Ted Cruz may have made great inroads with Christian evangelicals, but conservative New York Times columnist David Brooks isn’t buying the candidate’s “dark and satanic tones.”Brooks thinks that's a recipe for failure. He thinks Marco Rubio has a much better approach, although he worries that Rubio is mimicking Cruz.
In an interview this weekend with PBS, Brooks tells host Judy Woodruff that Cruz’s world is “combative,” “angry,” and “apocalyptic.”
... “If you watch a Cruz speech, it’s like, we have got this enemy, we have got that enemy, we’re going to stomp on this person, we’re going to crush that person, we’re going to destroy that person."
BROOKS: ... it’s dark and combative, and, frankly, harsh. It’s a harsh -- [Cruz] gets some jokes in the beginning, but then it’s just, we have enemies. We’re in an apocalyptic situation. We’re on the edge of the abyss. You need a tough guy to beat that back. And that’s his personality. That’s not Marco Rubio’s personality. He’s a sunny -- he’s been running the youthful optimism campaign, but he’s beginning, to prevent Cruz from getting liftoff, to mimic sort of that, get a piece of that. I personally think it’s a mistake....We've heard similar things about Donald Trump -- that he has a "dark view of the nation" and all that. Conventional wisdom says that optimists succeed in presidential races. And yet it's Trump and Cruz who are winning on the Republican side.
I've been reading about the 1960s counterculture recently, and today we all woke up to learn that David Bowie is dead. It's all reminding me of growing up in the 1970s, as one of the kids who were effectively the younger siblings of the sixties generation. We picked up sixties politics, but before we could do anything politically, we saw a lot of hope crashing and burning. We came of age in a time of energy crisis and stagflation and Nixon and the botched activism of Patty Hearst and the Symbionese Liberation Army.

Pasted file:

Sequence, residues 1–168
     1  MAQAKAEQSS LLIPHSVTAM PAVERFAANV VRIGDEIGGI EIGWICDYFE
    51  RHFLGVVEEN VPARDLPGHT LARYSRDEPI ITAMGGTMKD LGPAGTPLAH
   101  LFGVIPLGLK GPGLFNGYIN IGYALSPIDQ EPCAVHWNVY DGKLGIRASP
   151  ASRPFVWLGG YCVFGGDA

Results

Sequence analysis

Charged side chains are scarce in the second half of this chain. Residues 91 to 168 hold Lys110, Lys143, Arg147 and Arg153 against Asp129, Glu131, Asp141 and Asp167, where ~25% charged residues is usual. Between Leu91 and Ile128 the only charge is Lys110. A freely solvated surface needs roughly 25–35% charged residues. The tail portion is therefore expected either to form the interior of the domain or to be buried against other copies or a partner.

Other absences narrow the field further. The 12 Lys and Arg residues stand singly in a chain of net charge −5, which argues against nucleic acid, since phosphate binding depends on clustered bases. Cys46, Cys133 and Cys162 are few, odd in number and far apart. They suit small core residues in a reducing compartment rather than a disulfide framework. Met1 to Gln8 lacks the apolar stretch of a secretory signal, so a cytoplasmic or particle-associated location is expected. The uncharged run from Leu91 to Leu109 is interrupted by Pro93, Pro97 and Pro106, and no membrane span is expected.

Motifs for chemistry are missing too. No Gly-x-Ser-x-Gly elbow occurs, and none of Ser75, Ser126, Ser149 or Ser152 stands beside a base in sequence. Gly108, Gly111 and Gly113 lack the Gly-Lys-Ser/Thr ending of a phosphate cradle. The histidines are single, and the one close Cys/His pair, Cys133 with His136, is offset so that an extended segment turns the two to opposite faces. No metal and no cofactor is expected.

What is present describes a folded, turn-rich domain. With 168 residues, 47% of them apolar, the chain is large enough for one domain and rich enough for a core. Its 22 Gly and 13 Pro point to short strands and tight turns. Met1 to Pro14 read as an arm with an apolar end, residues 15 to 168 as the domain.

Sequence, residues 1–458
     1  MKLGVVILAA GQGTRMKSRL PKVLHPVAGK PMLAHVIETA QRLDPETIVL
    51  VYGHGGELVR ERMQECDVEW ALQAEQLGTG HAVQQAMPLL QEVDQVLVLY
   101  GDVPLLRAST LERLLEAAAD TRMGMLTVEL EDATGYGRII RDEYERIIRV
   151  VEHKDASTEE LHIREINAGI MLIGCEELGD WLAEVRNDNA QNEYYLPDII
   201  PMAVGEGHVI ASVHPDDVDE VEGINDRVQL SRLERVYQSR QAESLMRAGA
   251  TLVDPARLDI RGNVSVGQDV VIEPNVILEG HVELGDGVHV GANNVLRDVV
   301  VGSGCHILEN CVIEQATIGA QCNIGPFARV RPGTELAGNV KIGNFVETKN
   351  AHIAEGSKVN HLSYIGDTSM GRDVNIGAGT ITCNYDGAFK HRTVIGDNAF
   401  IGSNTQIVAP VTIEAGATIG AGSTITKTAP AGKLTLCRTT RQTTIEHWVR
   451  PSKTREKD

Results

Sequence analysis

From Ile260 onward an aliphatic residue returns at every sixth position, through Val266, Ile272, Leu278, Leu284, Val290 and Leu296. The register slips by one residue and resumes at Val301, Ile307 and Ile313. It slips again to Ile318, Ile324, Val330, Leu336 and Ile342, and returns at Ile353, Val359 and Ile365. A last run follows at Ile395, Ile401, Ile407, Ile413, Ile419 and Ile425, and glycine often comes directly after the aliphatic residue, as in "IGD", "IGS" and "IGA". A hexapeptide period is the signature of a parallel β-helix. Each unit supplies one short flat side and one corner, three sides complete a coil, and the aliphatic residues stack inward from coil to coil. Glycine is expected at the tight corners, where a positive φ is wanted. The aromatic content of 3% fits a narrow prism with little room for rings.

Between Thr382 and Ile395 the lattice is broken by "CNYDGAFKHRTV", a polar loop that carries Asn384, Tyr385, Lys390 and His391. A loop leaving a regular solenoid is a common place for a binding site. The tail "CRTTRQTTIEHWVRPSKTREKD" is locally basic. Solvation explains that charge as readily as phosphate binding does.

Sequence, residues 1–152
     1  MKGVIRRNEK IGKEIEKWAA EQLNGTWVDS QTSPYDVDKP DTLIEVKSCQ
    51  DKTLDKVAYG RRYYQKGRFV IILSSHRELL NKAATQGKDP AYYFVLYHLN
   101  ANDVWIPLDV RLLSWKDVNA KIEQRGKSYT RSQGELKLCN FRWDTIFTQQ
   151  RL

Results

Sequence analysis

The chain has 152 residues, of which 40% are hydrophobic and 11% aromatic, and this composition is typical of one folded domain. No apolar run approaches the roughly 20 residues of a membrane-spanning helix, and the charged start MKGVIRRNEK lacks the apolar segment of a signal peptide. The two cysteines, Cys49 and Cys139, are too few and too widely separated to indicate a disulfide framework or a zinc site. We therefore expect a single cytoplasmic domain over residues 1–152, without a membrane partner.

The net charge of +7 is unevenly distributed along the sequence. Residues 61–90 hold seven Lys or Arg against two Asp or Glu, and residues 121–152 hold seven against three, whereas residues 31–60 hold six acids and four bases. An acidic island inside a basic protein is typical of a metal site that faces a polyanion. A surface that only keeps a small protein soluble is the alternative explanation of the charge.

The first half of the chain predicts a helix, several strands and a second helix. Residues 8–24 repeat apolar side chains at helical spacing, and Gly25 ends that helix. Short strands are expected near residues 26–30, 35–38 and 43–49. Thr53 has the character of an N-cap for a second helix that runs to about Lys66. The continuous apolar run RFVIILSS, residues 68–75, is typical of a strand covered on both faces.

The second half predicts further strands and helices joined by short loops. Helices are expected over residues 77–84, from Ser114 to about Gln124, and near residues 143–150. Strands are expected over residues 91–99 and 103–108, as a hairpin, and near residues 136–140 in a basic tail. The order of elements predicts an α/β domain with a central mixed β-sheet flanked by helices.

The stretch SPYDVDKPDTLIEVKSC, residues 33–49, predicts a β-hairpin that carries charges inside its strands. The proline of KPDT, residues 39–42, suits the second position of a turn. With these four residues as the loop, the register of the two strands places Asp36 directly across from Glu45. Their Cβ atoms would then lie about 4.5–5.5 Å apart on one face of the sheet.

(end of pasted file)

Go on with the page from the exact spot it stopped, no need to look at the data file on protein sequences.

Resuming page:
Our era was post-Altamont more than it was post-Woodstock. We had the first wave of satanic metal, and we had Bowie invoking suicide, dystopia, apocalypse, fascism, and genocide.
America right now feels a lot more like the seventies than the sixties.
Cruz and Trump are candidates for a country without a lot of hope. I don't know if this means they'll win -- the dark, satanic Richard Nixon won in 1968 and 1972, then we elected a hopeful candidate, Jimmy Carter, in 1976 -- but the two merchants of gloom really seem to reflect the zeitgeist. I wish one of the Democratic contenders had the inclination to address this aspect of the national mood; in that case, I might feel more confident in November's outcome. For now, I think Cruz and Trump have a better sense of how Americans feel right now.